During their cycle, female dogs should not be in any pain, they though may become a little fidgety and uncomfortable. If your dog does seem to be experiencing any pain during this cycle, consult your vet.
Females can also start to urinate more frequently during this time or start “marking”. Urinating in small amounts in various places either while on a walk or at home is her signal to male dogs that she is going “in heat”, as the urine contains hormones and pheromones that male dogs can detect from a great distance. Male dogs may also begin marking objects around your home in an attempt to claim their territory.
The second stage (Estrus) is when your dog is fertile and ready to mate; this is the stage that is most commonly referred to as being “in heat”. During this stage your dog’s aggression towards male dogs may decrease, however her aggression towards female dogs may increase. She may also continue to bleed during this time, however the discharge will become lighter in flow and colour. This stage generally lasts from 1.5 to 2 weeks, though sometimes it can be a little shorter or a little longer.
In the third stage (Diestrue), your dog may either be pregnant or no longer fertile. If your dog is not pregnant then during this stage discharge should stop and the swelling of her vulva will begin to decrease.
The final stage (Anestrus) is an inactive phase of the cycle and is essentially your dog’s downtime in between cycles, where their body gets ready for their next cycle. During this phase your dog’s behaviour should return to normal. This stage generally occurs 2 to 3 weeks from the last time you noticed discharge.
How To Prepare
If your female dog is going through heat she will be feeling hormonal, which can cause her to feel more stress and anxiety than normal, particularly if they are going through this cycle for the first time. There are a few things you can do to help keep her clean, safe and feeling as comfortable as possible during this time.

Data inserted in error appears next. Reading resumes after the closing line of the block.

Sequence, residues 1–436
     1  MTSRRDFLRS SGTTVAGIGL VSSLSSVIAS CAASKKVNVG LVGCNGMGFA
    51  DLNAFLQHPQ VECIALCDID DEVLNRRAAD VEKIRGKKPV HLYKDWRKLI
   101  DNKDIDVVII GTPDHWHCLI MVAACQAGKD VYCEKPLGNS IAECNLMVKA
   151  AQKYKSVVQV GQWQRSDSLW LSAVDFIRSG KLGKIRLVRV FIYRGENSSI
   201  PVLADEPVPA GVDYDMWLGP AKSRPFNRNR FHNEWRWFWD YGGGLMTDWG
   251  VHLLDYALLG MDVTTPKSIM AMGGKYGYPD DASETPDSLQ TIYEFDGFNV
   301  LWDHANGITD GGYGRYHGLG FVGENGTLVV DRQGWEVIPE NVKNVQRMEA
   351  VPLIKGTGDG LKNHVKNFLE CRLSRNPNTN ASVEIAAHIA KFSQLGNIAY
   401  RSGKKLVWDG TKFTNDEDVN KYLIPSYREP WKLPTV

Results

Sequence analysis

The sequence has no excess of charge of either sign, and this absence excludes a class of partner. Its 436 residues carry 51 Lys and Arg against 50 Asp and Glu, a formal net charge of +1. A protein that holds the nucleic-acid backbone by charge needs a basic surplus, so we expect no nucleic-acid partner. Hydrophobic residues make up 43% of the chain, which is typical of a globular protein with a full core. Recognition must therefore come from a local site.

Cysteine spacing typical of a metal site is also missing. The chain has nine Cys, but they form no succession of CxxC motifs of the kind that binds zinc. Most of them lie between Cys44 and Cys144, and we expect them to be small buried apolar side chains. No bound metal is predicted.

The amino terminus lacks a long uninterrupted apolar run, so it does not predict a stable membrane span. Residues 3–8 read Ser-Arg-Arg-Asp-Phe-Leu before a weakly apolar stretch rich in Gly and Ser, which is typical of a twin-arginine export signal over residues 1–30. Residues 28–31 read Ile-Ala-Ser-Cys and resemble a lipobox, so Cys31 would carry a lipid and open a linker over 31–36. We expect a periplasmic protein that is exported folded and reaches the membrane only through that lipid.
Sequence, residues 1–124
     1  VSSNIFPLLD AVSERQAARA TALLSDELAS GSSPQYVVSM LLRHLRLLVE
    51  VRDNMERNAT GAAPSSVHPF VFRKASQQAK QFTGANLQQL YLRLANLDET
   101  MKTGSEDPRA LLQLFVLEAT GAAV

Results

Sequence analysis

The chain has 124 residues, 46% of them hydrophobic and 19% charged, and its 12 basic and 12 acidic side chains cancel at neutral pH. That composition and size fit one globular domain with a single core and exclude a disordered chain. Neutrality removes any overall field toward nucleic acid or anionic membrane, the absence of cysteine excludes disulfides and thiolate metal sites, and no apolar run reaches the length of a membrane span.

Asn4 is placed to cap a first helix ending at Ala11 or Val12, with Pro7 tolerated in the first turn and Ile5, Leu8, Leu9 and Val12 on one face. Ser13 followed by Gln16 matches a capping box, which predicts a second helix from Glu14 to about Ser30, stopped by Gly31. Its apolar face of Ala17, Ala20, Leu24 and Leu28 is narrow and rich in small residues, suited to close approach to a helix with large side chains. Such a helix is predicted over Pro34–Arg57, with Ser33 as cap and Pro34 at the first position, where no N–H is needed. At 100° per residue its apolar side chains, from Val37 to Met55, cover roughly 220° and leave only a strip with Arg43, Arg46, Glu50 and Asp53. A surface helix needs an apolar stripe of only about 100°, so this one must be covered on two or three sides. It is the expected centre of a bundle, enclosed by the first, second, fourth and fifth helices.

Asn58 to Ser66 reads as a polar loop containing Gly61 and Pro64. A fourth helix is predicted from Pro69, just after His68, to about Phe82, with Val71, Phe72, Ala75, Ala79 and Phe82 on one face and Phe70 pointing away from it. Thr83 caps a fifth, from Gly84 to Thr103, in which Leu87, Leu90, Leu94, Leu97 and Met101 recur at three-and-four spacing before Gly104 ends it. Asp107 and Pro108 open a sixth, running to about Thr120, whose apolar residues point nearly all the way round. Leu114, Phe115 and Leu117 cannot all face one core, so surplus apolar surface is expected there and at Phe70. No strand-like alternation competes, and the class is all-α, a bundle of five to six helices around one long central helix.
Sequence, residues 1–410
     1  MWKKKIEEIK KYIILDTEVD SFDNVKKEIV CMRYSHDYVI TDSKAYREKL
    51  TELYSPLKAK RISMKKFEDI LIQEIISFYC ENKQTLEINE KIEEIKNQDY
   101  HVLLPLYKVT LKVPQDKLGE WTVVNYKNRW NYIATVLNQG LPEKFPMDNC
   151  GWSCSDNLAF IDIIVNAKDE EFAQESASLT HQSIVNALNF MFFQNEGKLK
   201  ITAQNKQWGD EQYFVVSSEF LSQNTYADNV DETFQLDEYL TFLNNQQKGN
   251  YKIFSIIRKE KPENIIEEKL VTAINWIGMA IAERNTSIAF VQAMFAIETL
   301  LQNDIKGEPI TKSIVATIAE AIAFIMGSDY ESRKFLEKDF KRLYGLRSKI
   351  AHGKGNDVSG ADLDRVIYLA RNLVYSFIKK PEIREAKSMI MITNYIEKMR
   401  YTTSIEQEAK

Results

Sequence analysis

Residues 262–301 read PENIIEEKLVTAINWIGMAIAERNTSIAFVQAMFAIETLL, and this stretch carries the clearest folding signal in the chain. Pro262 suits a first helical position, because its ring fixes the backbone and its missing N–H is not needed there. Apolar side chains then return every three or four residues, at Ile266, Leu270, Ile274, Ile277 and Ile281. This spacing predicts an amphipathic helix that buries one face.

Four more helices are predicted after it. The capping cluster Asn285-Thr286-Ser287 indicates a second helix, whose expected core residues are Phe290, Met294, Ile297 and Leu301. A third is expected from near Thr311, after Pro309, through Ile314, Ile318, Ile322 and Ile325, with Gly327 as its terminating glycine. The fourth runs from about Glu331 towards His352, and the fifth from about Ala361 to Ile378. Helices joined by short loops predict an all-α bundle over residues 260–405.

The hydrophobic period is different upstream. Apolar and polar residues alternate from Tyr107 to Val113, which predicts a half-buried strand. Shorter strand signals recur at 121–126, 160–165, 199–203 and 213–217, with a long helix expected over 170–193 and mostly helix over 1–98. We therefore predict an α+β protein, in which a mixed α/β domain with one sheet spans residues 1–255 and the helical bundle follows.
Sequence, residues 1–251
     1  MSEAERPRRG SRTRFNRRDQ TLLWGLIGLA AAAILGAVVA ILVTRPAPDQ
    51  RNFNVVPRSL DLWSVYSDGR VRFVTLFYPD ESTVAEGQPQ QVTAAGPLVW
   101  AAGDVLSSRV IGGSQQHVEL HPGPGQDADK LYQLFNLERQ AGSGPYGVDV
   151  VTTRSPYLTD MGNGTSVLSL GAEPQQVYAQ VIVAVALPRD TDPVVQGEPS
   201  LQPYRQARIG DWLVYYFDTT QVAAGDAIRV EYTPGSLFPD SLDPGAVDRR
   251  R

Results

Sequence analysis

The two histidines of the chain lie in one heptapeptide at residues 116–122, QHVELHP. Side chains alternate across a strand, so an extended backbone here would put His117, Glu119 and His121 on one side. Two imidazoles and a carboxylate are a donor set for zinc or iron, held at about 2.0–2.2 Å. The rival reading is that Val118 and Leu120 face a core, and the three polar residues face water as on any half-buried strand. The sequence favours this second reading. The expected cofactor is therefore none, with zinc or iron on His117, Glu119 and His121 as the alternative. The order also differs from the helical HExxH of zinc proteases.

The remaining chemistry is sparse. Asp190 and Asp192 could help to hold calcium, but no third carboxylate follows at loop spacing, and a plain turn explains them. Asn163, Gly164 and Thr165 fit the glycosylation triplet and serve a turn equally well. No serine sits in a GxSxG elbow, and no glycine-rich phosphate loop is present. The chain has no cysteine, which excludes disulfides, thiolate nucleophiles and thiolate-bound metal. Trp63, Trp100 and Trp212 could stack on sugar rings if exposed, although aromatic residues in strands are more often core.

To reduce any stress or concern around mess caused by discharge, a great and comfortable option are pet nappies. A dog’s sensitivity can increase during this time, so providing extra blankets and bedding can help her feel more comfortable. This can also help contain mess if you prefer not to use pet nappies. It’s also a good idea to keep some wet wipes on hand, this will make cleaning up of any mess that does occur quick and easy. If you are still concerned about your dog bleeding in your home, limit the places they can roam during this time, blocking off any carpeted areas or rooms with upholstered furniture.
Ensure your dog has access to plenty of fresh, clean water, provide them with plenty of cuddles and even some extra mental simulation with soft and chew toys. This extra simulation combined with feeling safe and secure can help reduce your dog’s stress during this time.
Taking your dog on some extra walks can also help to further help relieve any stress or anxiety they may be feeling during this time. When you are walking your dog, be sure to keep her on the leash. Even if she usually has great obedience skills, this usual behaviour can change and disappear while she’s feeling hormonal during her cycle and you may find she ignores your calls to go off in search of a male dog.
Don’t scold your dog if mess does occur. These are accidents and your dog may already be feeling stressed if they are waking up and finding themselves in a messy state. Instead remain calm and provide cuddles and reassurance while you clean up.